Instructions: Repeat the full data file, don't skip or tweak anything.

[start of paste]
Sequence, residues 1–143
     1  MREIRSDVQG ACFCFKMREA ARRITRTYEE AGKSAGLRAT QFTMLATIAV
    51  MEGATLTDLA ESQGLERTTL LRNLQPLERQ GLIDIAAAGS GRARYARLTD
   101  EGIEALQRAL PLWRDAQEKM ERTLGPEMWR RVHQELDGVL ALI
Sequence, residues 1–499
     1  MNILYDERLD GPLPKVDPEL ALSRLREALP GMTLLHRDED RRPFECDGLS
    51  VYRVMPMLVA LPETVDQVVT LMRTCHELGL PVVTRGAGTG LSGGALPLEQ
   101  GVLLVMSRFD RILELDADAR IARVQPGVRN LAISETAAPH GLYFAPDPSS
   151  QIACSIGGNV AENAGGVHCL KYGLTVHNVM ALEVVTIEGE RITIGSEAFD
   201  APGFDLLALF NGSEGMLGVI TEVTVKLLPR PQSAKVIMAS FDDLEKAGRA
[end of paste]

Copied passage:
Sequence, residues 1–143
     1  MREIRSDVQG ACFCFKMREA ARRITRTYEE AGKSAGLRAT QFTMLATIAV
    51  MEGATLTDLA ESQGLERTTL LRNLQPLERQ GLIDIAAAGS GRARYARLTD
   101  EGIEALQRAL PLWRDAQEKM ERTLGPEMWR RVHQELDGVL ALI
Sequence, residues 1–499
     1  MNILYDERLD GPLPKVDPEL ALSRLREALP GMTLLHRDED RRPFECDGLS
    51  VYRVMPMLVA LPETVDQVVT LMRTCHELGL PVVTRGAGTG LSGGALPLEQ
   101  GVLLVMSRFD RILELDADAR IARVQPGVRN LAISETAAPH GLYFAPDPSS
   151  QIACSIGGNV AENAGGVHCL KYGLTVHNVM ALEVVTIEGE RITIGSEAFD
   201  APGFDLLALF NGSEGMLGVI TEVTVKLLPR PQSAKVIMAS FDDLEKAGRA